Ex-Goldman Partner Chan Named Dymon CEO as Hedge Fund Grows
Dymon Asia Capital (Singapore) Pte, the best-performing large hedge fund in Asia in 2011, hired a former head of macro trading at Goldman Sachs Group Inc. (GS) as chief executive officer, strengthening its interest-rate trading.
David Chan, 41, will also be a partner of Singapore-based Dymon, said founder Danny Yong. Chan, who headed macro trading at Goldman in Asia, will focus on managing the investment team, Yong said. The appointment is subject to regulators’ approval.
Yong is beefing up the firm’s management so he can focus on trading after assets expanded to $2.85 billion in February, including $2.5 billion in Dymon’s main macro fund. Dymon hired Jay Luo, former head of SAC Capital Advisors LP’s Asia-Pacific operations, as president and a partner in June.
“Right now, the fund’s investments are skewed towards foreign exchange, where a large part of our risk and our revenues are derived,” said Yong. “David’s strong foundation in Asian interest-rate trading, as well as his track record in building world-class trading businesses, will be hugely complementary to our existing business and will help us achieve our goal of becoming Asia’s premier macro hedge fund manager.”
Dymon Asia Macro Fund -- which seeks to profit from macroeconomic trends by wagering on bonds, currencies, stocks and commodities -- rose 3 percent in May, bringing its year-to- May return to 1 percent, Yong said. That compares with the 0.8 percent gain in the period by a Eurekahedge Pte index that tracks similar funds in Asia.
“I share the same vision and philosophy of running a trading business as Danny,” said Chan, who was a partner and most recently headed Goldman’s Asia-Pacific foreign exchange trading in Hong Kong and macro trading for the region excluding Japan. “I am confident that I would be able to leverage my trading and management experience to add to the business.”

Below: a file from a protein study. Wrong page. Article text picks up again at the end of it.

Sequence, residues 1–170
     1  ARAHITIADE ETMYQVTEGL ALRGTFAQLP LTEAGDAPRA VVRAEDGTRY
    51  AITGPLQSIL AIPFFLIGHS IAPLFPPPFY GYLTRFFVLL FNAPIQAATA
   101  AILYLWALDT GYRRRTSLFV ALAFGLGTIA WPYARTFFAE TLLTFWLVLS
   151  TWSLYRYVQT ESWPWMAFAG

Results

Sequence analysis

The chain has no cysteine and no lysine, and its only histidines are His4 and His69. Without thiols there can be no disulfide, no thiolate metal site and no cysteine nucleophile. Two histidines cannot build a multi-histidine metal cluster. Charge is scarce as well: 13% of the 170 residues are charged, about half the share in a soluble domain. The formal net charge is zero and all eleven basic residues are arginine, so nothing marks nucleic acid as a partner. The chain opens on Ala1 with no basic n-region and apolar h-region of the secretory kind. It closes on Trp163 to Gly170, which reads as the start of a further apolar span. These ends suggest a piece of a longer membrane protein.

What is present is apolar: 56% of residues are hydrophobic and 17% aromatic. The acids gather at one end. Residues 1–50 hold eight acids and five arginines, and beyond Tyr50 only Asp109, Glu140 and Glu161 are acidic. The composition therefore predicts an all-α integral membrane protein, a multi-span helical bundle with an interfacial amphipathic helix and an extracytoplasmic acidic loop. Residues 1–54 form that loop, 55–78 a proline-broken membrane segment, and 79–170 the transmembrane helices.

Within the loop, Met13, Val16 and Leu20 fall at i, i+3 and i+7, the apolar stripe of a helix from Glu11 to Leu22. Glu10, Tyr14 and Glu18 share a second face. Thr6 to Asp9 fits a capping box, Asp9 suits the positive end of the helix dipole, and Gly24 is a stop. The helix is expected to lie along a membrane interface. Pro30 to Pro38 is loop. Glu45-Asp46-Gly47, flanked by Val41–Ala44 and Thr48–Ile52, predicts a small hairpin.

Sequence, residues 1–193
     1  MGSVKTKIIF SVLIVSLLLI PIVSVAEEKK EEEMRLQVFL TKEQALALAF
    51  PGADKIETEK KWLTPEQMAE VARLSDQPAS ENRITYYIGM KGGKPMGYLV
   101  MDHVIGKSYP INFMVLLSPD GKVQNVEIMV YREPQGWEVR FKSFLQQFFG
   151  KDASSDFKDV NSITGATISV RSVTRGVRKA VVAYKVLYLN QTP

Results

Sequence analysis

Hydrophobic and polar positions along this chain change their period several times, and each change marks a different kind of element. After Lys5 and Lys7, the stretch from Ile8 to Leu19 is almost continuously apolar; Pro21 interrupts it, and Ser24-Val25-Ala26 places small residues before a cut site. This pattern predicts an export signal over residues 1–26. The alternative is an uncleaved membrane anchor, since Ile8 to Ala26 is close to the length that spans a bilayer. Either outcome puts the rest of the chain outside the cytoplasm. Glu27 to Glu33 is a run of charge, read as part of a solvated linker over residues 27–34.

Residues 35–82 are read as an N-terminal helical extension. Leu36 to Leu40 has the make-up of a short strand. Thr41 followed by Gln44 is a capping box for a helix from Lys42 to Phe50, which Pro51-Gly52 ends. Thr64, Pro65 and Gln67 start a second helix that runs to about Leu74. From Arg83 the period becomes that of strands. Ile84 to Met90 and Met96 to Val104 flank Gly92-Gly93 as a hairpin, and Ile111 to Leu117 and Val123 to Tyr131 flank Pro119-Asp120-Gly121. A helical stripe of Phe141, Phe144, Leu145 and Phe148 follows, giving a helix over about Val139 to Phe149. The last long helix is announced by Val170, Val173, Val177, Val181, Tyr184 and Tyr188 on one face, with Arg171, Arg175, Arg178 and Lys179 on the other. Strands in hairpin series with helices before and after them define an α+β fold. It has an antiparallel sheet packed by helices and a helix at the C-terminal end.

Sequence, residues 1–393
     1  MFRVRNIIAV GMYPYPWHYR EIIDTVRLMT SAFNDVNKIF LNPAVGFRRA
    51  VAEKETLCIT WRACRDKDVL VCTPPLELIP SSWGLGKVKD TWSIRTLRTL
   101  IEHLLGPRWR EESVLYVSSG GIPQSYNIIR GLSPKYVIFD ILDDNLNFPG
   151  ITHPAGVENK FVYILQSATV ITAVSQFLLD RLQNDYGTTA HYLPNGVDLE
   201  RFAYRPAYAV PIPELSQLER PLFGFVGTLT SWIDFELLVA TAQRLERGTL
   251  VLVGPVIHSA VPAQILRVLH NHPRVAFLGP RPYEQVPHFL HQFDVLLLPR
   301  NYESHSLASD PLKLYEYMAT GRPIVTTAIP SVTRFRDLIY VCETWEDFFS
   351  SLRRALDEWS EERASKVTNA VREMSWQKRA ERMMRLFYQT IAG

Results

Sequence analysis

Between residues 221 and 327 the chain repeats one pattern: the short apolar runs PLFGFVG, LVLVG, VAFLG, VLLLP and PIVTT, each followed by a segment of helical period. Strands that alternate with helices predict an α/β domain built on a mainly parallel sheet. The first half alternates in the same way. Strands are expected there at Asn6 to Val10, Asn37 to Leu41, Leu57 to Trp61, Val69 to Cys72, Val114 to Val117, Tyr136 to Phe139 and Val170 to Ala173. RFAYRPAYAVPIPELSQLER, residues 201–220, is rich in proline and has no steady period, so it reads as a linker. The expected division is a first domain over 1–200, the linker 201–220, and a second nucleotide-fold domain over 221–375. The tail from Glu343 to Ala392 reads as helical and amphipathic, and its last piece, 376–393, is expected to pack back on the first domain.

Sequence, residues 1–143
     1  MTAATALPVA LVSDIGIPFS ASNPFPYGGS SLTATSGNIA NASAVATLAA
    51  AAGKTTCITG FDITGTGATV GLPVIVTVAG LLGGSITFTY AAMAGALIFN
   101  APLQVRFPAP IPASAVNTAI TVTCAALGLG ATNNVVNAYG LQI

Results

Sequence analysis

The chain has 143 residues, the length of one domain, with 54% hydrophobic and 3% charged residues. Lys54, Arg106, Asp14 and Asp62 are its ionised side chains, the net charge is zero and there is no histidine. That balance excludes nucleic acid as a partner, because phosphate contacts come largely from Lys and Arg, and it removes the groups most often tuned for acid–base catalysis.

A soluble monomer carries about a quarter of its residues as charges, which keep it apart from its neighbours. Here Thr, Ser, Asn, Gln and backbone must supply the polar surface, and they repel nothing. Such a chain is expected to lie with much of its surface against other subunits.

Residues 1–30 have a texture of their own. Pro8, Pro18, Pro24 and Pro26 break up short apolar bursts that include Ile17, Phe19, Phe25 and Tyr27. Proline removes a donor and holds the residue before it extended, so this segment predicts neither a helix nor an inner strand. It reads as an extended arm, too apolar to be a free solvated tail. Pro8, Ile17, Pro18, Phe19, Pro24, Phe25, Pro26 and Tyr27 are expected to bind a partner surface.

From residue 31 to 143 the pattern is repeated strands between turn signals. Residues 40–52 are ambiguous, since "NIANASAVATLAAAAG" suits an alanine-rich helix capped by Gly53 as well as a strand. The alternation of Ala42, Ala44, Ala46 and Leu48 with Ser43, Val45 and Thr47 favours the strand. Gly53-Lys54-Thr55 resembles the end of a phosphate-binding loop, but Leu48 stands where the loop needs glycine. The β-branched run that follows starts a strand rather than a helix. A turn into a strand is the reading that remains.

Chan hired Yong to join Goldman Sachs’s macro trading desk in February 2000 where the two worked together in Hong Kong and Tokyo for six years, according to Yong.
“David is one of the best traders and leaders I have been associated with,” said Bank of America Corp.’s Co-Chief Operating Officer Thomas K. Montag, who formerly worked with Chan at Goldman Sachs in Asia. “As a trader he was always one of the highest return on risk people I knew.”
Dymon’s macro fund in 2011 had a more than 20 percent return, the most in Asia among hedge funds with assets of more than $1 billion, according to data compiled by Bloomberg. It started trading in August 2008 with $113 million of initial capital from Paul Tudor Jones’s Tudor Investment Corp., the Greenwich Connecticut-based hedge fund, as well as partners and employees, according to the firm.
The fund started accepting money from outside investors in August 2009 after it separated from Abax Global Capital Ltd., the asset manager part-owned by Morgan Stanley.
In June, the fund gave back some of the gains as the bearish bets on Australia and Europe have not continued to play out, said Yong. The Eurekahedge Hedge Fund Index returned 0.6 percent in June, according to preliminary figures.
“We owe it to our investors to continually upgrade our platform from an investing, risk management as well as operational perspective,” said Yong. “The fund is currently hard closed and we do not have plans to re-open until we continue to deliver the same level of performance our investors expect.”
Chan began his career at Goldman Sachs in April 1998 on the swaps desk as a senior trader running the regional Asia rates portfolio in Hong Kong, according to Dymon. He started out at Citigroup Inc. as a bond trader in 1992 in the city after graduating from the Chinese University of Hong Kong with a bachelor’s degree in business administration, Dymon said.
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